I get why people get annoyed, when someone could get the same product, without the Moleskine brand for less money. Or get something way better for the same amount. People pay for the brand.

Moleskine is more or less the same as other global brands, like: Heineken, Burger King, Starbucks or PizzaHut. You know that the product is the same mediocre thing no matter where in world you buy it. It is true for Burger King, Heineken and Moleskine.

I order close to all of my pocked sized notebooks from Field Notes, and I usually spend some time in local stores to find a pile of new A4/Letter sized notebooks when I’m about to run out.

But there are times when I buy Moleskine, even though I know that I could get something cheaper, or something better. The situations when I go for a Moleskine notebook of some sort, either pocked sized or a large notebook is quite simple. It is either when I’m in a hurry, and need it for something, or when I’m somewhere I don’t know where to look for a store that stocks good notebooks. And sometimes it is a combination of the two.

The reason I go for Moleskine in those situations are just as simple:

<li>

  I know what I get. I have pens that I know works good enough with the paper quality.

</li>

<li>

  I know I can get it. There are not many books stores I have been to in a long time where I could not find Moleskine products.

</li>

I don’t recommend Moleskine products, except for the Sketchbooks, but it is the kind of thing I buy when I forget my notebook, didn’t expect to need one or run out. You can find them more or less anywhere, no matter if it is in your home town, or more or less everywhere else in the world. And that is worth a lot in certain situations.

There are a place for brands like Field Notes, Rhodia or Leuchtturm1917, because they really care about the quality aspect, like that really good burger place in your town. But there is also a place for the “good enough” brands like Moleskine, which is more like Burger King or McDonalds. It works.

Paper will last.

November 20, 2015

<strong><a href="http://www.thecramped.com/if-you-wanted-to-ensure-it-lasted-for-150-years-youd-choose-paper/">If you wanted to ensure it lasted for 150 years – you’d choose paper</a></strong>:

<p>

  As amazing as our current electronic technologies are – despite their strengths – are terribly, terribly ephemeral. The code that worked yesterday isn’t support today. The processors of – five years ago, ten years ago – are brought to their knees by the computational complexity and presumed processor capabilities of today’s software. The runtime environments required by the digital creations I manifested as a University student not only do not exist – computers of today don’t even recognize the file types.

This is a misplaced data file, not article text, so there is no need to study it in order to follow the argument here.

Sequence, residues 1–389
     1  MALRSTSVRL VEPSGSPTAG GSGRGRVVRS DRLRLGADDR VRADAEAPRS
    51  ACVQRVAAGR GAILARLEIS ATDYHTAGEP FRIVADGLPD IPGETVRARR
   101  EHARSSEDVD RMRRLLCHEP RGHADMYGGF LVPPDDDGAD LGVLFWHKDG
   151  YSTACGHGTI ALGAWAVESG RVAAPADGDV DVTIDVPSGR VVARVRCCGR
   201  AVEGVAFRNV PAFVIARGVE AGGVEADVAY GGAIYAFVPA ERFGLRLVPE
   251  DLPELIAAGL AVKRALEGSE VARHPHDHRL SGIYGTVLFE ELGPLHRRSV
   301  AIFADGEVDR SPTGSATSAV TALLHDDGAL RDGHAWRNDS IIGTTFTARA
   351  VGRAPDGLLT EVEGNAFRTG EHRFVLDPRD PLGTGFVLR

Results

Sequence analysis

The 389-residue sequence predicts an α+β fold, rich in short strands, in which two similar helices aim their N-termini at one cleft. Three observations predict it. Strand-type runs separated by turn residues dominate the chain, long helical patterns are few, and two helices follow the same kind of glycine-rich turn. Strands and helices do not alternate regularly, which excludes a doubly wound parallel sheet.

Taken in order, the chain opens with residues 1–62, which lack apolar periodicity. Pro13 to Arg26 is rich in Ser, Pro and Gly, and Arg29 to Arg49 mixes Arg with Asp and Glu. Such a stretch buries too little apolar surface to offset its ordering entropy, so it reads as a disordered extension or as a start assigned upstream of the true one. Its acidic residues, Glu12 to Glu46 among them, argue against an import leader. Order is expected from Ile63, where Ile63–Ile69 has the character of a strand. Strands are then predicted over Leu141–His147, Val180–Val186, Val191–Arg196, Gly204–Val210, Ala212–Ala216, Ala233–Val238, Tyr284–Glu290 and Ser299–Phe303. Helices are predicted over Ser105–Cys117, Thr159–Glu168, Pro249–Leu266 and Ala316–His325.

</p>

This is why my journal is on paper, my todo lists is on paper and that my planner is on paper. I know they will be readable in the future(if you understand my hand writing).

Review

November 19, 2015

<img src="https://i1.wp.com/static1.squarespace.com/static/560ec734e4b0d6edef0fcf6d/560ec965e4b023d2c257ab18/564e1893e4b0ebe1a4b43ef6/1447958707930//img.jpg?w=1040" alt="" data-recalc-dims="1" />

I used to be a huge fan of the hardcover pocket sized Moleskine’s, before I got hooked on Field Notes. And there are things I prefer about the former, and there are things that I prefer about the latter.

There are so many different designs and variants of Field Notes, and they release a new limited variant every four months or something. I have ordered two of the special editions: Night Sky and Arts and Sciences. They are cool, but I just go for the regular kind, blank.

The first thing I love about Field Notes is how fantastic their sense of design is. A regular Field Notes notebook look good straight out of the pack, and I think that the standard edition is the best looking, but they look even more fantastic the more worn out they are.

The second thing I love about Field Notes is the paper quality. You can use a regular ball point or a fountain pen, and they work great. The ink dries fast, and the bleed through isn’t a problem. It isn’t perfect, but I think they have the perfect balance between instant dry time and minimal bleed through.

The third thing I love about Field Notes is their sense of humor, like I wrote about <a href="http://www.inksmudge.net/blog/2015/11/16/field-notes-practical-applications">here</a>. Take a look at the inside of the back side of the cover in the Practical Applications section.

<img src="https://i0.wp.com/static1.squarespace.com/static/560ec734e4b0d6edef0fcf6d/560ec965e4b023d2c257ab18/564e1707e4b09b4fe35e9c15/1447958302478//img.jpg?w=1040" alt="" data-recalc-dims="1" />

I have been running my life out of a combination of paper planners and Field Notes during the last couple of years. There is always at least one Field Notes notebook in my back pocket, and I use them to take short notes(I use a larger notebook if I’m going to take serious notes, like for example during a lecture, meeting or while studying / researching) and to manage tasks.

There are also some things that Field Notes aren’t that great at.

One of the things I loved about my hardcover Moleskine I used before Field Notes was how easy it was to write in it, when I wasn’t sitting by a table or other flat surface. But the great thing about not having it is that it is way easier to have in your back pocket. And I often use my iPhone as a writing surface to solve this problem.

Availability is my second problem with Field Notes, that Moleskine is much better at. One of the great things about Moleskine is that they are available everywhere, I think they are overrated and overpriced, but I love the fact that I have something reliable I get anywhere if I need it. The most annoying thing about Field Notes is the fact that I need to remember to always order a new batch of them when I have around 4 unused notebooks left. It takes a while to ship them from the US to Norway; around two to three weeks to be exact.

My last issue is the lack of options. There are times when I want something like a Field Notes, just larger than both the regular and the steno. For example a spiral bound A5 or A4 version. I love my huge book bind notebooks like for example from Leuchtturm1917. But there are times when you want something a little bit less fancy, and then you end up with either a crappy notebook or a overpriced Moleskine.

I wish Field Notes just would start to extend their standard product line.

They make one hell of a pocket sized notebook, and they are well worth the $9.99 per three pack.